Farsightedness: Vision at a distance is good, while up close vision is blurry
Hyperopia, or farsightedness, has been one of the most challenging problems we have faced. Hyperopia is sometimes difficult for patients to understand. It is important to remember that hyperopia is basically opposite from myopia, or nearsightedness.
An individual becomes hyperopic when the corneal curvature is too flat and/or the axial length of the eye is too short. Therefore, we have an eye that usually has a combination of both a flat corneal surface and a small globe. In a hyperopic individual, light rays that enter the eye are focused behind the retina, instead of directly on the retina as in a normal eye. It is an inherited condition. It is present in childhood, but it usually does not become apparent to most people until they are in the late 30's, when they can no longer use their own muscles inside the eye to overcome it. Patients with hyperopia begin to have difficulty seeing things clearly in the distance or near unless they wear glasses or contact lenses or some other type of optical correction. As we grow older, we all start to have difficulty reading and may require reading glasses or a bifocal. This condition is known as presbyopia.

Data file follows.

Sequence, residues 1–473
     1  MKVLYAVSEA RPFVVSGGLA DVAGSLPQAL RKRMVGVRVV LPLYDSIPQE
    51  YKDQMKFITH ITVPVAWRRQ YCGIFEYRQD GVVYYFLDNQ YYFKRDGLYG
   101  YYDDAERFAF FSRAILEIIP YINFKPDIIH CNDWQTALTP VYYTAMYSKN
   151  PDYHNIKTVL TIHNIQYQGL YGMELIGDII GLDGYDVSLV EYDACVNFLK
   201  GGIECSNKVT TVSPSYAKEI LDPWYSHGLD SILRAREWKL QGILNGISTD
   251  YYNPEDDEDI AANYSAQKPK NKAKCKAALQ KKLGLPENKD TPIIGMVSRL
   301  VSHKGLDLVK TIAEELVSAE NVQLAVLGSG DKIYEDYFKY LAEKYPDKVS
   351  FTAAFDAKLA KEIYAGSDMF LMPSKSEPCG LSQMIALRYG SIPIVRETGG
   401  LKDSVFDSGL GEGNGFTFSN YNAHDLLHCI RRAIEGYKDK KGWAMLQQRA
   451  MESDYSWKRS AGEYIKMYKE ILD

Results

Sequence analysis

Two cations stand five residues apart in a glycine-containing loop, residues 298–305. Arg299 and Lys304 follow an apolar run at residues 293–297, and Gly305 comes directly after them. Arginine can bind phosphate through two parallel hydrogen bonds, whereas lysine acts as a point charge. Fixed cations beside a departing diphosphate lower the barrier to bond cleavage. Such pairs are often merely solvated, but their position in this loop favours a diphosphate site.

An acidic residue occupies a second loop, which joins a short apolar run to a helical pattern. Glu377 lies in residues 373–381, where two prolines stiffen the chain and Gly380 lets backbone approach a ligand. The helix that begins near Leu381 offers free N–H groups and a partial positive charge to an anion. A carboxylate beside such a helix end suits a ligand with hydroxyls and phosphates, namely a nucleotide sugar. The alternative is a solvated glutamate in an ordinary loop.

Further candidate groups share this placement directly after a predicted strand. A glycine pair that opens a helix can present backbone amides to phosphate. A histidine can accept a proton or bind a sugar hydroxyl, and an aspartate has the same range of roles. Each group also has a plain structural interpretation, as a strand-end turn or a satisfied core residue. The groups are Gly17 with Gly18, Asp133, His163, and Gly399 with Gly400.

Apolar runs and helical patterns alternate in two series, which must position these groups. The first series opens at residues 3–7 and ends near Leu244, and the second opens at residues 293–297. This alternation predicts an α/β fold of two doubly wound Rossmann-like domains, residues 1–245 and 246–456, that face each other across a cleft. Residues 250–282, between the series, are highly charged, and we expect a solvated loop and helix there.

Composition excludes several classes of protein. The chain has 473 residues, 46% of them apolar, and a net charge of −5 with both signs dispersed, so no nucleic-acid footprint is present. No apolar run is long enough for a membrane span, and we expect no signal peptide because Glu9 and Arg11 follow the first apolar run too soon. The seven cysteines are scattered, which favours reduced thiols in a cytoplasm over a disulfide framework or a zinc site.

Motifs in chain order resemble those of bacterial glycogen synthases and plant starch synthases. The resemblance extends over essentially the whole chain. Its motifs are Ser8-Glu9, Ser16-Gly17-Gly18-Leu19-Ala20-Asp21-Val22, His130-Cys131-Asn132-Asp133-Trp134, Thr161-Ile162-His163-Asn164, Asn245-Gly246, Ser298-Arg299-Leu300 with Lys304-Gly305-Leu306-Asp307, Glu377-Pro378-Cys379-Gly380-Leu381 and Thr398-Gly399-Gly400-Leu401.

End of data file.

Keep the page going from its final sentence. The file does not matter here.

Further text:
If a person has a very mild degree of hyperopia, this individual usually gets along fine until they reach 38-40 years of age. At that time they will start noticing that their reading will become more difficult, and reading glasses will help this situation. However, if one is moderately or highly hyperopic, this can affect both near and distance vision. As you get older, your distance and near vision gets worse. The crystalline lens inside of the eye is involved in focusing the light rays onto the retina. When a person is farsighted, the crystalline lens has to be focused, even for distance, in order to pull the focal point back onto the retina in order to achieve clear vision. Therefore people who have moderate to high degrees of hyperopia can have "brow ache" or "eye strain" because the ciliary muscles that suspend the crystalline lens have to constantly flex in order to focus the light rays onto the retina.